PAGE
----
The following essays address specific artists, movements, and ideas that influenced American poets, American writers, and the composition of American art song.
Englishwoman Anne Gilchrist was a close friend of Walt Whitman’s, and an early champion of his poetry.
The best-known of the artists who tried to capture the drama of the American West and its inhabitants were the painter Albert Bierstadt and the illustrator/writer/painter/sculptor Frederic Remington.
Crucible of American political and intellectual history, the town of Concord, Massachusetts was not only the cradle of American independence, but also the spiritual and actual home of the American Transcendentalists.
Daniel Chester French (1850-1931) was one of the country’s leading monumental sculptors. His major works include the Lincoln Memorial in Washington, D.C. and The Minute Man in Concord, Massachusetts.
Banjoist, fiddler, singer, comedian, and author of plays and songs for minstrel shows, Daniel Decatur Emmett (1815-1904) is best known as the composer of the walk-around “Dixie,” originally presented by Bryant's Minstrels in 1859, and of a tune later arranged by Aaron Copland, “De Boatman Dance.” Emmett is but one of many in a succession of entertainers and composers who used the minstrel stage as a popular platform.
In an effort to chronicle a world that was rapidly vanishing, American artists and ethnologists of the late 19th and early 20th centuries launched a variety of projects designed to reclaim--at least for history--the Native American culture so thoughtlessly destroyed during 200 years of white settlement and westward expansion. One of the most ambitious of these was the twenty-volume photo documentary compiled by Edward S. Curtis from 1896 until 1930 and published as The North American Indian.
General William Booth was the founder of the Salvation Army, the worldwide religious and humanitarian organization. He and his missionary family were key players in the Revivalist Reform Movement of the 19th century. Believing that religion should alleviate the sufferings of the poor and convert sinners into ministers of salvation, Booth organized his new church based on fiery sermons, military-styled ministry, and a grass-roots campaign throughout the slums of the world.
In the 1920's and 30's, the upper-Manhattan district of New York City called Harlem was the flourishing capital of African-American culture. Writers, musicians, artists, photographers, philosophers, and intellectuals created works that probed the black American heritage with a psychological intensity and a fierce pride.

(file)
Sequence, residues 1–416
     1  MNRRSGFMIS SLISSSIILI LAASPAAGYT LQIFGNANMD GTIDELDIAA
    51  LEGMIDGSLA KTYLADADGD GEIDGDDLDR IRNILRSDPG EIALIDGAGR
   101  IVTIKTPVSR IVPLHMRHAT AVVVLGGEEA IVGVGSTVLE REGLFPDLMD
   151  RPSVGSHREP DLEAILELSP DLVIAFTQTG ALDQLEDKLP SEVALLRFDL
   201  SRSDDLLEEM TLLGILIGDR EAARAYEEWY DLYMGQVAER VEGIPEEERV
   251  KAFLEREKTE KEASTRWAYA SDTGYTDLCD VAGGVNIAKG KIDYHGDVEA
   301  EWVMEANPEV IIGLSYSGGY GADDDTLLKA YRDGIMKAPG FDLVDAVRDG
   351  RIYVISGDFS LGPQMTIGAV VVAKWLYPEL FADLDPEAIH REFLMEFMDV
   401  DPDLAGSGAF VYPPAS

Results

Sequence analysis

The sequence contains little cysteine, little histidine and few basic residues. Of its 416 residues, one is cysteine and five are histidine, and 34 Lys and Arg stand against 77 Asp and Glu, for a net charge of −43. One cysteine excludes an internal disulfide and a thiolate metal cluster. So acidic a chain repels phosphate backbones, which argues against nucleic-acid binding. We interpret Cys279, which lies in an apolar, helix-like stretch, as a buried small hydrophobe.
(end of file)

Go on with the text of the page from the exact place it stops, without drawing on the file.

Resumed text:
"So this is the little lady who caused the great war."
These are the words legend attributes to Abraham Lincoln when he was introduced to Harriet Beecher Stowe in 1862, shortly before he issued the Emancipation Proclamation, freeing the slaves for whom Mrs. Stowe had been such a passionate advocate. Indeed, her best-selling novel Uncle Tom’s Cabin had given an incendiary voice to the Abolition Movement.
"I went to the woods because I wished to live deliberately, to front only the essential facts of life, and see if I could not learn what it had to teach, and not, when I came to die, discover that I had not lived."
From Walden, by Henry David Thoreau (1817-1862)
One of the first African-American artists to achieve a reputation in both America and Europe, Henry Ossawa Tanner worked in the Naturalist and genre traditions of American art. Though his work grew increasingly mainstream and allegorical, his early depictions of humble black folk going about their daily lives are regarded as classic statements of African-American pride and dignity.
The Hudson River painters, the first coherent school of American art, helped to shape the mythos of the American landscape. Beginning with the works of Thomas Cole (1801-1848) and Asher B. Durand (1796-1886), and evolving into the Luminist and late Romantic schools, landscape painting was the prevalent genre of 19th-century American art.
Margaret Fuller, America's first true feminist, holds a distinctive place in the cultural life of the American Renaissance. Transcendentalist, literary critic, editor, journalist, teacher, and political activist ultimately turned revolutionary, she numbered among her close friends the intellectual prime movers of the day: Emerson, Thoreau, the Peabody sisters, the Alcotts, Horace Greeley, Carlyle, and Mazzini--all of whom regarded her with admiration and sometimes even awe.